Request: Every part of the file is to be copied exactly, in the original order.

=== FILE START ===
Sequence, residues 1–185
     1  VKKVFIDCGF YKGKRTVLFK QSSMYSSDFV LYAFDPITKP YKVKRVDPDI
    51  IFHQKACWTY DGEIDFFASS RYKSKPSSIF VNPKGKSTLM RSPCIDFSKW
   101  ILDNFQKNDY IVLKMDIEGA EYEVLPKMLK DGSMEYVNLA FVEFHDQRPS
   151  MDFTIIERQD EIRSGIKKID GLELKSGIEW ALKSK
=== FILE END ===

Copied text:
Sequence, residues 1–185
     1  VKKVFIDCGF YKGKRTVLFK QSSMYSSDFV LYAFDPITKP YKVKRVDPDI
    51  IFHQKACWTY DGEIDFFASS RYKSKPSSIF VNPKGKSTLM RSPCIDFSKW
   101  ILDNFQKNDY IVLKMDIEGA EYEVLPKMLK DGSMEYVNLA FVEFHDQRPS
   151  MDFTIIERQD EIRSGIKKID GLELKSGIEW ALKSK